Have you ever noticed that portraits from the 1800s seem stilted? I dare you to find a pre-Civil War portrait with a smiling subject.

Contrast that with today, where photos are used to show happy moments in our lives. Look around your home. See all the happy beach shots? The fun family times? Heck, on social media, we even go so far as to over-emphasize the joy … making our lives look happier and more interesting than they really are.

So why the change? Why don’t your Snapchat selfies put bunny ears on a serious face?

­­In the 1800s, cameras were not a household item. If you wanted to capture the memory of your family, you had to hire a professional photographer to take your portrait. In fact, it was also commonplace to have portraits made of your deceased loved ones to commemorate them before they were interred. Portraits were for the wealthy. They were special.

Photos were a serious occasion. It was not proper to smile, especially in upper-class society. Photographic portraits were simply faster version of the old painted portraits.  Also, old cameras had long exposures and subjects had to remain still for extended periods of time. It was awkward and uncommon to think that any given moment would be captured forever on film.

Old Kodak Vacation AdThen, in the late 1800s, Kodak created a small camera with a portable roll of film. Suddenly, anyone with the economic means could capture photos of anything that they wanted. But remember, this was a new technology. People were used to the idea of taking one portrait every few years, not taking pictures every day. Kodak ultimately wanted to sell more film, so they needed Americans to get snapping.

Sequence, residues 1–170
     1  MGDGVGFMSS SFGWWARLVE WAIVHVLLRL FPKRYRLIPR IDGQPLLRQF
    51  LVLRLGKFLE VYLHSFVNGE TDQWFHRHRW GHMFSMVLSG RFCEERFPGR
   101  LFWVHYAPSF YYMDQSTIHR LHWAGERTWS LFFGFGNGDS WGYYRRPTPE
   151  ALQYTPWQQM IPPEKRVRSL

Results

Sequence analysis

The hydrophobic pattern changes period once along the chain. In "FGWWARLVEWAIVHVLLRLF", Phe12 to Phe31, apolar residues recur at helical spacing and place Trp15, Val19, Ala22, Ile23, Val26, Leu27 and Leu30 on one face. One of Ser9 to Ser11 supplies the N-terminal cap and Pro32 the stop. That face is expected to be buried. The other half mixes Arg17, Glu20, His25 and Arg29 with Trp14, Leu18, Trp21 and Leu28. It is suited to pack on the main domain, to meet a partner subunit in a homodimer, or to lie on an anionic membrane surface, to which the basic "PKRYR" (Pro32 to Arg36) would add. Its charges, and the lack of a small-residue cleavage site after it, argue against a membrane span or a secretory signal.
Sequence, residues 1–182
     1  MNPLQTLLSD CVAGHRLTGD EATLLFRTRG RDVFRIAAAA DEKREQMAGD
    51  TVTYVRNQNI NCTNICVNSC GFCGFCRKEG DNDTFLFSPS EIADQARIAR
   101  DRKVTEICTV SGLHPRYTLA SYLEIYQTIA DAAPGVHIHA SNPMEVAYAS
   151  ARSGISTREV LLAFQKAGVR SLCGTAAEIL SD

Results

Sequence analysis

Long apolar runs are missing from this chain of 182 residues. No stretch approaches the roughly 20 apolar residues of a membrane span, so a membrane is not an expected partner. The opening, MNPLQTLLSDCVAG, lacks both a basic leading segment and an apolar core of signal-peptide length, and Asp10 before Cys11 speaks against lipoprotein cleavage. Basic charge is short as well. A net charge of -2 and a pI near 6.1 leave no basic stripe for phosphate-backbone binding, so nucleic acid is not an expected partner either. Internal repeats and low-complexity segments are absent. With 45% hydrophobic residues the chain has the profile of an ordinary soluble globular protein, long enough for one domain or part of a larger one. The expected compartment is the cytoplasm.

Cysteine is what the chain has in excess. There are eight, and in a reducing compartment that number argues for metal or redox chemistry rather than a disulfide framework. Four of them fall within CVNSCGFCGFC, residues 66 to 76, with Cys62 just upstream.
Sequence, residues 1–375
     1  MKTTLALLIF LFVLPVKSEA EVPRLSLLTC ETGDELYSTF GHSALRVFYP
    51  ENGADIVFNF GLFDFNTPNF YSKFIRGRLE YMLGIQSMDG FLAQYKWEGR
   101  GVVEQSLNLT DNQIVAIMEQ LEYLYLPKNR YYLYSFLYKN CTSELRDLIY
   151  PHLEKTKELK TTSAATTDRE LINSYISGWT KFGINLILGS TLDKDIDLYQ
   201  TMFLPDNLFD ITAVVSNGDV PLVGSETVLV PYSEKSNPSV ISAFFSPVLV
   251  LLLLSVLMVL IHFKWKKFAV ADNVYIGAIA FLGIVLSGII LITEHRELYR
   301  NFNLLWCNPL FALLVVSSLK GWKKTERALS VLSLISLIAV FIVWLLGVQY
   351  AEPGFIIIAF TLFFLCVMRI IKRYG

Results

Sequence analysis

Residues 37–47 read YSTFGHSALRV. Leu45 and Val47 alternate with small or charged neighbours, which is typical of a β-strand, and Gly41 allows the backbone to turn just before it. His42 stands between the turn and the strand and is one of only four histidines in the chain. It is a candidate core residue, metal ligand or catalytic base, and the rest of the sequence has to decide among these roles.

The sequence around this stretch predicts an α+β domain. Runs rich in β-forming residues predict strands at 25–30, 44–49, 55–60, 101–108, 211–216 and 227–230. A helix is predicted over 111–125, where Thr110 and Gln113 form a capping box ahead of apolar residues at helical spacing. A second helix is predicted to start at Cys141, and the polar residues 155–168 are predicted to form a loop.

Kodak’s marketing team went to work. They came up with the slogans like, “You press the button, we do the rest,” and, “Save your happy moments with Kodak.” They created manuals on how to use your new camera that including taking photos on vacation … and SMILING when your picture is taken. Kodak wanted people to associate these new photos with joyful times. Consumers listened, and soon, all advertisers were using pictures of smiling models to sell their goods. Now, smiling is expected … and we take pictures of everything … your dinner, your dog, your feet on the beach.

Kodak focused, not on the camera or film, but on HOW and WHEN to use it. They created demand for a product that the world didn’t know it wanted, and they didn’t focus on the actual product!

How do you sell your loans, checking and savings? Do you focus on the product or on how and when to use it? Do you think your customer really wants a car loan more than they want to inhale that new car smell? Do you think they want a checking account more than the ability to spend their money faster and easier? What else do your customers want that you can create a market for? Can you help them to spend smarter or save better?

If Kodak can singlehandedly take the world from stone-faced portrait to goofy selfie … all to sell more film, you can help the world with their money … all to be a better banking option.

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